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Meet The Artist: Russell Nielsen

Local artist/author Russell Nielsen has lived in Utah all his life. He grew up in the city of Kaysville and graduated from Davis High school. He married his sweetheart, Janelle (Jae) Nielsen, who he met while serving a mission for The Church of Jesus Christ of Latter-Day Saints. He has been diligently teaching his little boy to love art as much as his father. He loves to spend time with his wife and little boy creating art and enjoying the Marvel cinematic universe among many other hobbies. Russell has also written a two-book action-adventure series which can be purchased on amazon.

Russell’s interests have also expanded into learning American Sign Language and embracing the deaf / hard-of-hearing community with his wife. His Wife has been hard of hearing for many years and works as an interpreter for The Church of Jesus Christ of Latter-Day Saints.


Russell started creating art at a young age like many artists before him, drawing cartoon characters, coloring in books and all the fun, creative outlets that young children enjoy. At about age 13 he realized that he had a knack for portraiture when he drew a picture of Neil Armstrong for a class project. Aside from mandatory classes in public school Russell never really had any formal art training. He has largely achieved his level of success from practice—years of practice, sketching his favorite animated characters and creating some of his own. He finds a lot of joy in creating crossover works with Disney characters and Marvel comic characters.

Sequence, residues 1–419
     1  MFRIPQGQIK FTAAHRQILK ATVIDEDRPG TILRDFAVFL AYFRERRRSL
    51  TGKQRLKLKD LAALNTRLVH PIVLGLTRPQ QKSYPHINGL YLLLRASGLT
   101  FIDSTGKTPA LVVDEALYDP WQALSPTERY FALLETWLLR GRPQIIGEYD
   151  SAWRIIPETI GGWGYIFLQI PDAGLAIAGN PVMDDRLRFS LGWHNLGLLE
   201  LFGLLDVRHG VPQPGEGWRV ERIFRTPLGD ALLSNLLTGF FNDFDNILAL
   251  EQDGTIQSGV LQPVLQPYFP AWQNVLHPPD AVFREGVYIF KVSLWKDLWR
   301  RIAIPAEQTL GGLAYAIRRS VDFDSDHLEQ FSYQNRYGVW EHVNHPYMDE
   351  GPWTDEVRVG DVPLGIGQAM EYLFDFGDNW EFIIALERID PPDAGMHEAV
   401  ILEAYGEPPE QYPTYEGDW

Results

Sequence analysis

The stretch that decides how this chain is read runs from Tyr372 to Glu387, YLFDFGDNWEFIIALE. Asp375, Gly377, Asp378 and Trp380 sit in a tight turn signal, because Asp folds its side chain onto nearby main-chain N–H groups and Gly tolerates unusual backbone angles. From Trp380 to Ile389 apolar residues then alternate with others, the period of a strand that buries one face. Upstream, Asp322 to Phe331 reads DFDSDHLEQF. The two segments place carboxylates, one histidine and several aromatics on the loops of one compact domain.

Russell is currently attending classes to learn more about graphic arts at Utah Valley University (UVU). He plans to get started with his art tuition by working through the classes at UVU and is hoping to get into the art program at Brigham Young University (BYU). Russell is hoping to pursue graphic design as a career with the eventual goal of employment opportunities with a “non-specific, mouse-themed studio.”

His Inspiration

When asked who inspired Russell to take more interest in art he responded, “Oddly my cousin did. I saw a doodle he made on his wall of cartoon characters that I thought were really cool when I was about 7. I saw them again later and even he admitted that they weren't all that good.”

The first time that Russell ever thought about getting more serious about and marketing his art came when a coworker of his saw some of his work and hired him to design logos for his paintball team. With the realization that his art was in demand and the confidence boost of his first commissioned piece, Russell started to think more seriously about his hobby as a job.

Who Is Russell’s Favorite Artist?

A person’s perception of art is as individual as a fingerprint. This being said the artists that Russell admires inspire him to create in the same way that a catchy piece of music makes your toes want to tap. The artists that inspire Russell have a wide variety of styles and subject matter, for their art varies from religious to action and adventure themes. Artist Jon McNaughton created a riveting piece called “Peace is Coming” that Russell has come to love and admire.